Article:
Because learning scientists long have tried to understand learning as it is embedded in social, cultural and historical contexts, Tanner Vea is enthusiastic about how looking closely at social movements with a learning lens can help illuminate critical processes of social change in new ways.
Dara Walker, assistant professor of African American studies; women’s, gender, and sexuality studies; and history in the College of the Liberal Arts, has been named a postdoctoral fellow for 2021 by the National Academy of Education (NAEd), an honorary educational society whose mission is to improve education policy and practice by advancing high-quality research. Funded by a grant from the Spencer Foundation, the fellowship program supports early career scholars working in critical areas of education research. During the nonresidential fellowship, Walker will work on her upcoming monograph, “High School Rebels: Black Power, Education, and Youth Politics in the Motor City, 1966-1973.” Dara Walker is part of the coordinating committee of the Consortium for Social Movements and Education Research and practice.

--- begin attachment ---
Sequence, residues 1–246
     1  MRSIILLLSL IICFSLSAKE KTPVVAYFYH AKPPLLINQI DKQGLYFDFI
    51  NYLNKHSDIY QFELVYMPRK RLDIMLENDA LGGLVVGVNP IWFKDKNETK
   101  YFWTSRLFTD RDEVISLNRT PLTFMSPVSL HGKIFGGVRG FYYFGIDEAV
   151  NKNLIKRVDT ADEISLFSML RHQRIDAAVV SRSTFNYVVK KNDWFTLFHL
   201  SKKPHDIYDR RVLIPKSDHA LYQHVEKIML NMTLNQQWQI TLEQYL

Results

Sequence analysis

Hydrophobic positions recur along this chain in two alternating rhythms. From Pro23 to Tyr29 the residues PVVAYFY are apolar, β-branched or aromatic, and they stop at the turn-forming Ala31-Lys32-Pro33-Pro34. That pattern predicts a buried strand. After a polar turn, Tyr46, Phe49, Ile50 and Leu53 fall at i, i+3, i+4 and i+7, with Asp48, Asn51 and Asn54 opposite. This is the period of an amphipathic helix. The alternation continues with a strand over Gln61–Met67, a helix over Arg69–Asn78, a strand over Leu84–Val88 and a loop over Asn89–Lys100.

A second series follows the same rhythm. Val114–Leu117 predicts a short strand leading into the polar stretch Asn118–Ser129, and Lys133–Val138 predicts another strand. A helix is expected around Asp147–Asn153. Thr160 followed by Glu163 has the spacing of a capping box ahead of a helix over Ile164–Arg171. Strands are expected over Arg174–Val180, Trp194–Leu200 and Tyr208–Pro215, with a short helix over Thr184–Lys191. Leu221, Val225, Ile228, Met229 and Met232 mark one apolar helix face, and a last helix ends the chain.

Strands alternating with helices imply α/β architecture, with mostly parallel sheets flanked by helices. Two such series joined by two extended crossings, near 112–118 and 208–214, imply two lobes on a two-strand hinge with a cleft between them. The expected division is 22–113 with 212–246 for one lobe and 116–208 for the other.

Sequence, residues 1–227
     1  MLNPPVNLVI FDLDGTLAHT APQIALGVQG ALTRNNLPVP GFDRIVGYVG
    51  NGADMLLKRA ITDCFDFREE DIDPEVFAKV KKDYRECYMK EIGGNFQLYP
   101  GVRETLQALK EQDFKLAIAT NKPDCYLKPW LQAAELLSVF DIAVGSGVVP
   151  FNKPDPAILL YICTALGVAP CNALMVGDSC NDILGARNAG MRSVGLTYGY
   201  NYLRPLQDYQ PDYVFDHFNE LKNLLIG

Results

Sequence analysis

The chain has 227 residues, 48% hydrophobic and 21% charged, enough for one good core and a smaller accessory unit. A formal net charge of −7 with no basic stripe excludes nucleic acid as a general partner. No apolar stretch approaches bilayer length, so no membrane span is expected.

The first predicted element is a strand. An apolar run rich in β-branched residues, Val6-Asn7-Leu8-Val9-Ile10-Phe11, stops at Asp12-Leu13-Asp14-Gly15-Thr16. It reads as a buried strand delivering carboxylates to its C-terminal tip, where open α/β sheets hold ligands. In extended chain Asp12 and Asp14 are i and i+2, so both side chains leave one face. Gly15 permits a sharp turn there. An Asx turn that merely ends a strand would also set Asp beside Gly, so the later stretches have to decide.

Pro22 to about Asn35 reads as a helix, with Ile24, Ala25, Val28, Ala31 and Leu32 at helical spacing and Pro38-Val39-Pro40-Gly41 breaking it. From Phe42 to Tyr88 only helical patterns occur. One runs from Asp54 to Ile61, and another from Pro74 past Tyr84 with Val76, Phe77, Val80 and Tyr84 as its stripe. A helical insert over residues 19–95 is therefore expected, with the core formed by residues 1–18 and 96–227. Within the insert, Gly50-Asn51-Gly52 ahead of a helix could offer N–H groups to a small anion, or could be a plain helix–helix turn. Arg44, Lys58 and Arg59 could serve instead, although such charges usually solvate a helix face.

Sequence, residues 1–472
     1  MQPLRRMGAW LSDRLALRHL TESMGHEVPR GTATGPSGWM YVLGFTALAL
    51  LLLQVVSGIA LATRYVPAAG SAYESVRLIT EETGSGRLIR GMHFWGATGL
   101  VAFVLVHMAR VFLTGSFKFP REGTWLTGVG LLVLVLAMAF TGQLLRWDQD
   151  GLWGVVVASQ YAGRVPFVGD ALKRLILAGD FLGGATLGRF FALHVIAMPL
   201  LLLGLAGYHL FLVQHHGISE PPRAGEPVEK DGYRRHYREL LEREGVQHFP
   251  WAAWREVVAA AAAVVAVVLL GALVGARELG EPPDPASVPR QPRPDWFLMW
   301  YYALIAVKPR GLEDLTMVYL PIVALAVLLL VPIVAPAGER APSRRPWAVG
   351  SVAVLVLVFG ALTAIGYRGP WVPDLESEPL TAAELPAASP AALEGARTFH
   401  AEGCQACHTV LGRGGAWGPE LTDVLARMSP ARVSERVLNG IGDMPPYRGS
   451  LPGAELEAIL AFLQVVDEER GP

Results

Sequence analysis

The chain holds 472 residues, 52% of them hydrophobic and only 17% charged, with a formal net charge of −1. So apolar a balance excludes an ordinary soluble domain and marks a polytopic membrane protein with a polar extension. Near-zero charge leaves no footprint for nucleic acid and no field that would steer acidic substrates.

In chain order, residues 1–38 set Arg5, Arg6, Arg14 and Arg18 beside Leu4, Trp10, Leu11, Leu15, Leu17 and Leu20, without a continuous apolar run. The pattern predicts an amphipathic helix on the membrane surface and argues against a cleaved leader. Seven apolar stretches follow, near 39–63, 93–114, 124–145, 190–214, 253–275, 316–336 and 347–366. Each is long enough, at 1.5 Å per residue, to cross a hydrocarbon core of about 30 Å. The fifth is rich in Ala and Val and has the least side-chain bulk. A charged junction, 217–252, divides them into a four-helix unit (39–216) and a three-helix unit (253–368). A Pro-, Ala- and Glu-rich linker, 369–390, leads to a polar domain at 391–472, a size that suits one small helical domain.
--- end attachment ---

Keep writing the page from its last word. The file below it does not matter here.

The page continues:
Creating a place for advocacy was the focus of the “Reflections on Organizing and Power: Anti-Black Police Brutality and the Popular Uprisings” Zoom symposium held on Sept. 18.
Nearly 300 Penn State students, faculty and staff from the University's campuses across the commonwealth attended the event hosted by the Penn State Consortium for Social Movements and Education and the Africana Research Center and co-sponsored by an additional 16 colleges, centers, programs and networks at Penn State in response to a national call for universities to commit resources to combat institutionalized racism on campuses.